The projection by Steamer suggests that he will whiff 9.2 batters per nine innings the rest of the way, but they only have him pitching 33 more innings. At 58 innings, that projection comes out to 59 strikeouts. He would need four more than the projection to get to 170 before he runs out of innings, and given his world-beating performance thus far, it again seems quite reachable. The only concern here is whether the Marlins will allow him to pitch ten more starts.

3. Jacob Turner will finish the year striking out seven batters per nine innings.

This is a taller order still for the 22-year-old starting pitcher who has consistently struggled to whiff bats in his career. But his numbers on swings and misses seem so enticing and so conducive to strikeouts that it is difficult to imagine him not getting more of them at the big league level. Turner has had some difficulty staying in the strike zone, but his stuff that has been questioned throughout his career has been present, as evidenced by his 9.6 percent swinging strike rate. If he can get a few more called strikes on his pitches, that type of swinging strike rate should get him closer to a 20 percent strikeout rate than his current 16.4 percent mark.

What is a 20 percent strikeout rate in terms of strikeouts per nine innings? For Turner's season so far, it would be 7.2 strikeouts per nine, and I am predicting he ends the season at around seven per nine. To do this, however, he needs to strike out more than that 20 percent rate. In fact, he needs to record 56 strikeouts in 63 2/3 expected remaining innings, which translates to a rate of 7.9 strikeouts per nine. That is five more strikeouts, or half of one per expected start, more than his expected rate if you think the whiff rate can translate to better strikeout results. This prediction may be the most difficult one yet.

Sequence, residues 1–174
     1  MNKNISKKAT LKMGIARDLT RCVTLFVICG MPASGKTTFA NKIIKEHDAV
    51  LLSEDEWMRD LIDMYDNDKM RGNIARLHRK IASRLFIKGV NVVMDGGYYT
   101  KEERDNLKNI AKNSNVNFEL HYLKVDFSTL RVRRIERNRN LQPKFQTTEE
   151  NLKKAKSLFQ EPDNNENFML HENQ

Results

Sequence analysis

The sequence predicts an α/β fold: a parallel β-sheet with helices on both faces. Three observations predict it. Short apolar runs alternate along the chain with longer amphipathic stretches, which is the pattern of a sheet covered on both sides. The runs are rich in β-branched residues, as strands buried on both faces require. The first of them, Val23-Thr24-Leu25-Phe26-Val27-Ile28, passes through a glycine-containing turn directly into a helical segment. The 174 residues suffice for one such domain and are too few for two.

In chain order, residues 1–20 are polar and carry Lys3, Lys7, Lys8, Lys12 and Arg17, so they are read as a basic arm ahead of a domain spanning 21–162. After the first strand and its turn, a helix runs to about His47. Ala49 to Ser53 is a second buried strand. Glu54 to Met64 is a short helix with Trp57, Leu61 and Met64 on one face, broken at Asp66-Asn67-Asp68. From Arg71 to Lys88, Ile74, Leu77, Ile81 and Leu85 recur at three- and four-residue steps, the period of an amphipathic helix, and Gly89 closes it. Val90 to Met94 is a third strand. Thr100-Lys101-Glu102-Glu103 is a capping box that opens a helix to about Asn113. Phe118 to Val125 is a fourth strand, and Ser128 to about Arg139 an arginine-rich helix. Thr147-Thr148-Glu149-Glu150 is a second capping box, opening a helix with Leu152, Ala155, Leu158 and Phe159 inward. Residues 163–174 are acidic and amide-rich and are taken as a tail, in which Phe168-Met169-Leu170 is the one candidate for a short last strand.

4. The Marlins will finish with 65 wins.

That might sound modest, but in truth, that is actually a fairly hefty winning percentage compared to what the Fish posted in the first half of the year. Only after a winning month of June (what?) did the Fish even get a chance to reach 35 wins in 93 games, giving them a .376 winning percentage. Now I am expecting them to win 30 games in 69 attempts, a winning percentage of .435.

But the Fish now have enough players back and a rotation that should not be terrible for the rest of the season. The club is not expected to make any more trades before the deadline, meaning this group will be intact for the remainder of the season. Provided Stanton and Logan Morrison can stay healthy, the Fish should have a decent amount of punch in their lineup, especially if Stanton gets hot on the way to 30 homers. Even with Fernandez being shut down at the tail end of the year, the Marlins should still get plenty of production from better starters like Turner and Nathan Eovaldi, who are replacing guys like Alex Sanabia and Wade LeBlanc.

To get an idea of what a .435 win percentage team looks like, the Fish can look to their National League counterparts. The San Diego Padres are currently the third-worst team in the National League with a .438 winning percentage. The Fish only have to play as well as the Padres did in the first half to reach 65 wins. It is not a fun prediction because, well, who wants to win 65 games? But for the Marlins, it would an achievement given how poorly they started. It may also lose them the race for the first pick in the draft next year, but hey, never count out the Fish!